Source: News Bharati English03 Mar 2017 15:05:43
Riyadh, March 3: Saudi Government on Thursday banned Uber and Careem drivers have been banned from picking up passengers from Saudi Arabia’s airports. The main reason behind this ban is to include more women in the workforce till the year 2030.
Notably, Saudi Arabia has embraced Uber and regional rival Careem to a far greater extent, courting both companies with substantial state investments to support its Vision 2030 economic reform plan, particularly its goal to get more women in the workforce. In a country where women are barred from driving and private drivers are often prohibitively expensive, women account for around 80 percent of Uber and Careem's passengers.
A spokesman for the kingdom's General Directorate of Traffic Colonel Tareq Al-Rubaiaan said that the drivers from ride-hailing services Uber and Careem are barred from picking up passengers from Saudi Arabia's airports and traffic authorities would punish any violators found transporting passengers on airport grounds.
However, airport regulations have long barred private drivers from offering their cars for hire to arriving passengers in Saudi Arabia, which means the ride-sharing apps have operated in the legally murky territory as they grew increasingly popular. Uber already had shaky ties with Gulf regulators, and only last month signed an agreement with transport authorities in neighboring Dubai to become fully regulated after a series of clashes over pricing and availability.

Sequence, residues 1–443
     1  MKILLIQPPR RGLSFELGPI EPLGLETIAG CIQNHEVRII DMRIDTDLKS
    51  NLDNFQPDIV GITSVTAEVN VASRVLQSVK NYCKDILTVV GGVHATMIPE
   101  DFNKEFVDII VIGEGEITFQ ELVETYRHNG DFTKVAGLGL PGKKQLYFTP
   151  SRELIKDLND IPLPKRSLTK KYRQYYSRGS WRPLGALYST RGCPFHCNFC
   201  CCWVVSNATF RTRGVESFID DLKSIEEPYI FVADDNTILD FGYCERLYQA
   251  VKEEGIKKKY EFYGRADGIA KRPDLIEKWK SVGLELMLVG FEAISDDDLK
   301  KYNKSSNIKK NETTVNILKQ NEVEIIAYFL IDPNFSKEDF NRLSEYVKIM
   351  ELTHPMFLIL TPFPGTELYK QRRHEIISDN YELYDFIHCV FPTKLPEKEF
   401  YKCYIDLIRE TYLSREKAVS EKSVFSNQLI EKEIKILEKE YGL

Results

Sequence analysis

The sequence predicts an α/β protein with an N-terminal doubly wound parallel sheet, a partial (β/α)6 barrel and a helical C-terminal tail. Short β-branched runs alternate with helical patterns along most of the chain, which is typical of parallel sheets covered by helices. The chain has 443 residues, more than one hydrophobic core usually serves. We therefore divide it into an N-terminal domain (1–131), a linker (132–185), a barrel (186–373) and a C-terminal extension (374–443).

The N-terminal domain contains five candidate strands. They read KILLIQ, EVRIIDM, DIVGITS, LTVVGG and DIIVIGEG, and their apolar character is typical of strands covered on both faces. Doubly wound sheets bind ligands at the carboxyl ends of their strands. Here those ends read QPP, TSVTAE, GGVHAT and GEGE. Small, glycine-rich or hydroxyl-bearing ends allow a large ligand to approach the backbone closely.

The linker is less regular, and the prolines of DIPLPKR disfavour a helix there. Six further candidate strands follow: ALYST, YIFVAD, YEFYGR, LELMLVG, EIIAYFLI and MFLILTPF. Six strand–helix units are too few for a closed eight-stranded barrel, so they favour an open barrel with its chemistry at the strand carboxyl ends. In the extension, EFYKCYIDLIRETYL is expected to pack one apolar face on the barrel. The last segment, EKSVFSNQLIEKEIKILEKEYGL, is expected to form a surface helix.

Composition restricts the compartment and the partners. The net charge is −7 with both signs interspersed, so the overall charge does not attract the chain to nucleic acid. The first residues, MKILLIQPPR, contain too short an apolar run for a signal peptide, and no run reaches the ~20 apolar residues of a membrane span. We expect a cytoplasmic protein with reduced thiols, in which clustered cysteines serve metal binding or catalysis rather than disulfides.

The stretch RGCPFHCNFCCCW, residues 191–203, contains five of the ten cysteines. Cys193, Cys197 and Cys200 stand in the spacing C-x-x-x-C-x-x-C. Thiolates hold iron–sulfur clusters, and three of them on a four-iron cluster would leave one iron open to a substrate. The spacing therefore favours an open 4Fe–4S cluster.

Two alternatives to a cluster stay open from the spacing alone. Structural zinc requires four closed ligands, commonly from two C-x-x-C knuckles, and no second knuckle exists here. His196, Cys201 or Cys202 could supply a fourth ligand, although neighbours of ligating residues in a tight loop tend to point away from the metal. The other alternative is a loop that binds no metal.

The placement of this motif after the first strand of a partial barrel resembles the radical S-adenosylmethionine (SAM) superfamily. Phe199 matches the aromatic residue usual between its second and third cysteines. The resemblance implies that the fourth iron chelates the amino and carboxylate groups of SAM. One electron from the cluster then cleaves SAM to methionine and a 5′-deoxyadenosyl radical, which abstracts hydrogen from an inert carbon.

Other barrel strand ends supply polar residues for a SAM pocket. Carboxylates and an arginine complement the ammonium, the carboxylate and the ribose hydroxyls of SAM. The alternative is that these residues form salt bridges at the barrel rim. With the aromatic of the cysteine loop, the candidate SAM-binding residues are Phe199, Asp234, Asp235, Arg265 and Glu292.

Saudi authorities have also used the apps to bolster employment for Saudi men, requiring in November that Uber and Careem "limit the jobs to Saudi nationals," while allowing non-Saudis already registered as drivers to continue to work for the companies.
“The percentage of Careem captains who are Saudi has jumped from effectively zero to 60 percent in the last 12 months, and we aim to employ 70,000 Saudis by end 2017,” Abdullah Elyas, co-founder of Careem, has been quoted as saying. However, Uber and Careem say that they will create up to 200,000 jobs for Saudi men in the next two years.